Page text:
We continue to expand on an article from the globe and mail about attracting and recruiting talent in Canada. In this post, we expand on one of the five strategies as outlined in the article – today being: Starting a mentorship or coaching program.

For employers, mentoring increases retention, promotion rates, and employee satisfaction. The rewards for your business in hiring a co-op is similar to those of when you offer your existing employees a mentorship / coaching program. Your employees can:

  • Develop a different way of thinking or doing things, by learning from an more senior or experienced mentor – bringing new insight to their role
  • Increase business growth, by having more qualified and trained employees on staff
  • Become ambassadors for your organization in attraction and recruitment by promoting the program
  • Become a future mentor – the program can continue as the mentee can become a mentor

How to Design a Mentoring Program?

There are five steps to take in designing a mentoring program.

Source: Chronus

1. Design Your Program

The first step is to design your program. Start by outlining why you are starting this program and what does success look like for participants and your business. Dive into your audience – your employees – and understand who they are, where they are, their development needs, and their key motivations to participate. Translate your vision into SMART objectives: specific, measurable, attainable, relevant and time-bound. Objectives provide direction to program participants, establish program key performance indicators (KPIs), and help organizational leaders understand why they should offer their support.

Successful mentoring programs offer both structure and flexibility. Structure provides participants a mentoring workflow to follow and is critical to help participants achieve productive learning that reaches defined goals. Similarly, flexibility is essential to support varying individual mentoring needs across specific learning goals, preferences, and learning style.

Key design decisions include:

  • Enrollment – is it open, application, or invite only?
  • Mentoring style – can be traditional, flash, reverse
  • Connection type – possibly 1:1, group, or project
  • Connection duration – typically weeks or months, or perhaps even just a single session
  • Community/social aspects beyond formal mentoring, tracking and reporting needs.

TIP: Develop a workflow diagram to explain each step of your program including key actions, timeframes, support resources, and criteria for moving to the next phase or use a third-party mentoring software.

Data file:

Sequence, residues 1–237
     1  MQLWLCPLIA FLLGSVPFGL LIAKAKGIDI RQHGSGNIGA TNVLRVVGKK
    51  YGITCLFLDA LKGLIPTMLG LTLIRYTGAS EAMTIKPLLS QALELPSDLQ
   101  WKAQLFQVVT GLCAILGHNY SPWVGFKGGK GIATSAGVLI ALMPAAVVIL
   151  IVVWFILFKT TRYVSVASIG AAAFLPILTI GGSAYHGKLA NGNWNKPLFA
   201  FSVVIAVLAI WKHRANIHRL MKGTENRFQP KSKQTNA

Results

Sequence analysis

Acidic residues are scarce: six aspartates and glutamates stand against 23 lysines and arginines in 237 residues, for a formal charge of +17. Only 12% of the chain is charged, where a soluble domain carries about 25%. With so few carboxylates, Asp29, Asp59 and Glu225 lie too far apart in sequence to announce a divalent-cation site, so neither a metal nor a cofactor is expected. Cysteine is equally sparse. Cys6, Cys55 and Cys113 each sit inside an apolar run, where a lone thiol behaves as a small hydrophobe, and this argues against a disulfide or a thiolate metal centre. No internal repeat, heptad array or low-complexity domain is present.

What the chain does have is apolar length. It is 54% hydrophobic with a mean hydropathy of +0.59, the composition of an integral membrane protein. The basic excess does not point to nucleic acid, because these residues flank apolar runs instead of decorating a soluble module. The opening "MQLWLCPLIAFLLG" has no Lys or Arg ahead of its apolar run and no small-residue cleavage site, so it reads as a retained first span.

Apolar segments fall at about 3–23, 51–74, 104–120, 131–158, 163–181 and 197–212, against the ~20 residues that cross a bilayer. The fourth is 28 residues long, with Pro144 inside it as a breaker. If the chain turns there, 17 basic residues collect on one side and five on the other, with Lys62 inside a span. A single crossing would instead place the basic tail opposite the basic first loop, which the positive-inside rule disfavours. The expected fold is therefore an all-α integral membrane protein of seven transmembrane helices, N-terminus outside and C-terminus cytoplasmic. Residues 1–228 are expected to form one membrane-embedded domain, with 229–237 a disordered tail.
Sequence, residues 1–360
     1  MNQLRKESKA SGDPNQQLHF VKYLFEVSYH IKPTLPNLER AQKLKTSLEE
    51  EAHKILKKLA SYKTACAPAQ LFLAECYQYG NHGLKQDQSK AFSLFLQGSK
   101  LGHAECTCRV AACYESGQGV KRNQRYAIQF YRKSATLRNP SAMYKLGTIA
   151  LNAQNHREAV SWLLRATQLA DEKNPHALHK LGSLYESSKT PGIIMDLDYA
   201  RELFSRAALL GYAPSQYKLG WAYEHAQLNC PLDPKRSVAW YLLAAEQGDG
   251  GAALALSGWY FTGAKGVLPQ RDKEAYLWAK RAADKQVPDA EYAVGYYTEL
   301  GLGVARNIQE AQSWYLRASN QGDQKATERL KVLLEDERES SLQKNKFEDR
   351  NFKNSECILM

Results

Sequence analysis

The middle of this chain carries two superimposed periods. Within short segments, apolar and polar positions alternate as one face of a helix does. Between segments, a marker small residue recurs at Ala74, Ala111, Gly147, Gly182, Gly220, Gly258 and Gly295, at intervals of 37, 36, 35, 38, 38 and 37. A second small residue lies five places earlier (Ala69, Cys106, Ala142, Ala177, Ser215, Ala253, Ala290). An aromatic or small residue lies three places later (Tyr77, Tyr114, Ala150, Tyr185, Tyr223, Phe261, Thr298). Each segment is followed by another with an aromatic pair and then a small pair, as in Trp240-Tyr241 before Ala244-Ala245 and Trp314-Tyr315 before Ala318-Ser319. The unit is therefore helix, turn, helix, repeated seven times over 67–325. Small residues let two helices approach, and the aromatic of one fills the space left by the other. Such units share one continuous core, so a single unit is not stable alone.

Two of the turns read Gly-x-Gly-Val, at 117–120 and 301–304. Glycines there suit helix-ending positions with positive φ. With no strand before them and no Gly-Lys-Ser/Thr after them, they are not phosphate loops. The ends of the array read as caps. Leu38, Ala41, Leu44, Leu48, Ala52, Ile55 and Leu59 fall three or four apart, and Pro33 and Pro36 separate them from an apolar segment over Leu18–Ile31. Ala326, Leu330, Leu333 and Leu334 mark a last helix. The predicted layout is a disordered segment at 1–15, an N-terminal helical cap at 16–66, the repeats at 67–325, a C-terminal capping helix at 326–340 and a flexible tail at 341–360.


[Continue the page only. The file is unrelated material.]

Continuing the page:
2. Attract Participants

The best designed mentoring programs won’t get far without effective program promotion, mentor recruitment, and training. Most new mentoring programs will be met with a lot of enthusiasm, however that may not transfer to signups. The most common issue is poor promotion. It is key to effectively promote the benefits to both the mentors and mentees, convey the importance of mentorship and that is is very much worth their time and effort.

It is important to understand the positive and negative factors that impact mentor participation. Once you have identified them, look for creative ways to reinforce positive drivers and lower the hurdles of negative ones throughout the mentoring process.

Provide training to mentors and mentees regarding the program’s goals, participant roles, mentoring best practices, and your mentoring process. Help mentors and mentees clarify their own objectives. The need for training and guidance doesn’t end after the initial orientation. Provide tips and best practices throughout the mentoring program to help participants stay on track and get the most out of the program.

Source: Chronus

3. Connect Mentors and Mentees

A productive mentoring relationship depends on a good match. Matching is often one of the most challenging aspects of a program. Participants will bring various competencies, backgrounds, learning styles and needs. A great match for one person may be a bad match for another. You can consider self-matching (mentor matches a mentee) or administrative matching (program administrator applies mentor to mentee)

Source: Chronus

4. Guide Mentoring

Mentoring is not typically part of one’s daily routine. Without direction and a plan, the mentoring relationship is vulnerable to losing focus and momentum. That is why providing some structure and guidance throughout the mentorship is vital to a successful mentoring program. One best practice is to ensure all mentorships have goals and action plans. This serves two purposes. First, it brings focus at the onset, which helps a mentorship get off to a good start. Second, it adds accountability to accomplish something.

5. Measuring Success

Mentoring is a significant investment. Mentoring programs should be tracked, measured, and assessed at three altitudes: the program, the mentoring connection, and the individual. To be effective you need the ability to capture metrics and feedback throughout the program lifecycle.

Source: Chronus

For mentoring connections, you want to understand mentorship behavior to identify roadblocks and opportunities.

For participants, you want to understand the impact of mentoring in terms of outcomes while acquiring program feedback.

If you are interested in learning more about developing a mentoring program, contact us and we would be happy to provide more resources, help develop a program, or connect you with an expert.